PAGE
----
Thoughts on “Biblical Authority”

I’m almost finished reading John D. Woodbridge’s Biblical Authority: A Critique of the Rogers/McKim Proposal (Grand Rapids: Zondervan, 1982). This is an excellent book in many respects, but what I find most helpful is reading it as an aspiring historian. Woodbridge did his doctoral studies at the University of Tolouse in France and has taught church history at Trinity Evangelical Divinity School for quite some time. He is an expert in Reformation, post-Reformation and modern church history, in particular French evangelicalism.

Because Jack Rogers and Donald McKim argue historically that certain Christians denied the complete infallibility/inerrancy of Scripture, Woodbridge critiques them on the level of historical method. He points up common fallacies that the authors regularly make, highlights their misuse of sources whether through dependence only on secondary material or disingenuous quotations, and pokes holes in the logic of their historical interpretations. When I read a book like this I get a little fearful–it’d be horrible to have a book subjected to such exacting critique! Could Rogers and McKim sleep at night after this was published?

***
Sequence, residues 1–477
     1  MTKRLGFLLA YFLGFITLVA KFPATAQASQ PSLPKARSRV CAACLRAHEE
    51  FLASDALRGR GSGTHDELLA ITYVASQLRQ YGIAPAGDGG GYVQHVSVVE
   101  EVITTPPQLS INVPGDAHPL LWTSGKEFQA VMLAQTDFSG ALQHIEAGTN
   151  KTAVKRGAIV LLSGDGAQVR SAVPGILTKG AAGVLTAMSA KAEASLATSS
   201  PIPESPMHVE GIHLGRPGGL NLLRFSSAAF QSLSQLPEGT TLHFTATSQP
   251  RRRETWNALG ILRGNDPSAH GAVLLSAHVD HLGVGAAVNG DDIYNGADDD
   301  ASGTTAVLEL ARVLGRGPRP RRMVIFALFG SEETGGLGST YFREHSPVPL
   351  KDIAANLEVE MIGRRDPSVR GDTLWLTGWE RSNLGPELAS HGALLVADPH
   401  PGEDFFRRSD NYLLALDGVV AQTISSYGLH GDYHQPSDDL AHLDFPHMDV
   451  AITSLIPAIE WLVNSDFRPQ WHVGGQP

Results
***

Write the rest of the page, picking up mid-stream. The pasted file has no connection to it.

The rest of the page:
So, not only would I recommend this book for its value in setting the record straight historically about the doctrine of Scripture, but I would also suggest that historians read it and consider their own work and the potential that they too might be at the receiving end of such a review. It should cause historians to be assiduous in their use of primary sources, to be honest with the texts they study, and rigorous with the logic of their interpretations.

***UPDATE***

As it turns out, Woodbridge says as much regarding historians himself at the close of the book:

In a way that the authors [Rogers and McKim] probably did not envision, their study creates a call for those historians engaged in the current quest to discover the ancient attitudes of Christians toward Holy Writ. These historians should do their research in an even-handed manner, consider well the conceptual problems associated with their undertaking, and write technically competent analyses on delimited subjects before attempting the grand synthesis (p. 155).

For more of Woodbridge on historiography, see his introduction to Paul Kjoss Helseth’s new book “Right Reason” and the Princeton Mind: An Unorthodox Proposal (Phillipsburg, NJ: P&R Publishing, 2010), ix-xiv.

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Filed under bible, books, church history, history, reviews

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